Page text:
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Transcriptomic-based effects monitoring for endocrine active chemicals: Assessing relative contribution of treated wastewater to downstream pollution
Martinovic-Weigelt, D., A. Mehinto, G. Ankley, N. Denslow, L. Barber, K. Lee, R. King, H. Schoenfuss, AND Dan Villeneuve. Transcriptomic-based effects monitoring for endocrine active chemicals: Assessing relative contribution of treated wastewater to downstream pollution. ENVIRONMENTAL SCIENCE AND TECHNOLOGY. John Wiley & Sons, Ltd., Indianapolis, IN, 48(4):2385-2394, (2014).
One of the major challenges the Agency continues to face relative to evaluating chemical safety and sustainability is that of detecting and identifying hazards associated with chemicals that are already present in the environment. Traditional risk assessment paradigms focused on chemical-specific exposure and hazard assessment are challenged by the reality that exposures in the ambient environment are typically to mixtures whose composition is generally only partially defined, if known at all. This can make selection of appropriate endpoints for effects-based hazard monitoring highly challenging and introduces the possibility that important pathway-based effects, particularly those that may lead to chronic or sublethal adverse outcomes may be missed. Transcriptomics and other types of unsupervised, high content, approaches have the potential to greatly broaden the scope of biological pathways that can be evaluated in effects-based monitoring studies. However, demonstrations of application and case studies are needed to demonstrate and evaluate the effectiveness of such approaches, identify limitations, and determine how best to deploy these approaches as part of an overall strategy for pathway-based environmental monitoring and surveillance. This manuscript supports the research objectives of CSS task 2.1.1 (AOP-based effects monitoring and exposure reconstruction) by evaluating the utility of hepatic transcriptomics in small fish as an unsupervised effects-based monitoring approach for evaluating the impacts of treated wastewater discharges, a known source of contaminants of emerging concern, on receiving waters. This paper is the first in a series of three investigations that employed unsupervised, “omics” approaches to characterize the relative biological impacts of wastewater discharges at three distinct sites in MN, USA, representing watersheds with differing land-use patterns, population densities, and treatment types. This work leverages and builds upon analytical chemistry-based characterizations of these same sites by USGS and the Minnesota Pollution Control Agency.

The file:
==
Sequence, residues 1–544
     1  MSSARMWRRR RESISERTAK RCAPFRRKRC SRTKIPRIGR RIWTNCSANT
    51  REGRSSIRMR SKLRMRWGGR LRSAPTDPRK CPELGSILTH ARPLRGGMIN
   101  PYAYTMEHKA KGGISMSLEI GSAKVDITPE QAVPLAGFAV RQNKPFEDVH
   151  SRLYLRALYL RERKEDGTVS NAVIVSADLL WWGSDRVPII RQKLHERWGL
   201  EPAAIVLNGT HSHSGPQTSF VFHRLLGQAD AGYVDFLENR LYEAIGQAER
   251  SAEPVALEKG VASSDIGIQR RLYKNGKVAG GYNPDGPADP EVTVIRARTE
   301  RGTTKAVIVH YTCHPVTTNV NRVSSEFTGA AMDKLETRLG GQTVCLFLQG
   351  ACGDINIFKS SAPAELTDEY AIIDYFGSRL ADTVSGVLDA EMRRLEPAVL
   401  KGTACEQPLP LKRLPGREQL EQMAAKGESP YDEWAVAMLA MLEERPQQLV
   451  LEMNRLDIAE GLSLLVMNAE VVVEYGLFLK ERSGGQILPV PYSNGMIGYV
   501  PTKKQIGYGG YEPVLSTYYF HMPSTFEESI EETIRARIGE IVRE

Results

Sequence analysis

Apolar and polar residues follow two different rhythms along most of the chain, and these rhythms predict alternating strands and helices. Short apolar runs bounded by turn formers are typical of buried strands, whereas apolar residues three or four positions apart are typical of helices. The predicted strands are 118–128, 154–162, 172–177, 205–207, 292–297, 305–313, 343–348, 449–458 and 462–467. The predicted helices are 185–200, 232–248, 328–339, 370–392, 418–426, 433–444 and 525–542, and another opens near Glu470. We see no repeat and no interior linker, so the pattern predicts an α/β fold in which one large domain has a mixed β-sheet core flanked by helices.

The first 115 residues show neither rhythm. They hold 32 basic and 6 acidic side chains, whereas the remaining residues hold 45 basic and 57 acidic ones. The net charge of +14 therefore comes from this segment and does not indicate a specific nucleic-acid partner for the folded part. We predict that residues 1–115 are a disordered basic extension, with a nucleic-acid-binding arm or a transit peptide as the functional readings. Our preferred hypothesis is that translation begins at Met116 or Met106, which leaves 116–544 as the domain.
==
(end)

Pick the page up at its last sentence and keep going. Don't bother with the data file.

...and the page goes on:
The present study investigated whether combining of targeted analytical chemistry methods with unsupervised, data-rich methodologies (i.e. transcriptomics) can be utilized to evaluate relative contributions of wastewater treatment plant (WWTP) effluents to biological effects. The effects of WWTP effluents on fish exposed to ambient, receiving waters were studied at three locations with distinct WWTP and watershed characteristics. At each location, 4-day exposures of male fathead minnows to the WWTP effluent and upstream and downstream ambient waters were conducted. Transcriptomic analyses were performed on livers using a 15,000 feature microarrays, followed by canonical pathway and gene set enrichment analyses. Enrichment of gene sets indicative of teleost brain-pituitary-gonadal-hepatic (BPGH) axis functioning indicated that WWTPs serve as an important source of endocrine active chemicals (EACs) that disrupt the BPGH axis (e.g., cholesterol and steroid metabolism was altered). The results indicated that transcriptomics can be a powerful approach for pinpointing pertinent biological effects, and groups of chemicals (EACs in particular) that preselected chemical analytes and biomarkers may miss. Transcriptomics-based effects monitoring data was capable of discerning sites and it reflected chemical pollution gradients, thus holding promise for assessment of relative contributions of point sources to pollution and the efficacy of pollution remediation.
Record Details:Record Type: DOCUMENT (JOURNAL/PEER REVIEWED JOURNAL)
Organization:U.S. ENVIRONMENTAL PROTECTION AGENCY
OFFICE OF RESEARCH AND DEVELOPMENT
NATIONAL HEALTH AND ENVIRONMENTAL EFFECTS RESEARCH LABORATORY
MID-CONTINENT ECOLOGY DIVISION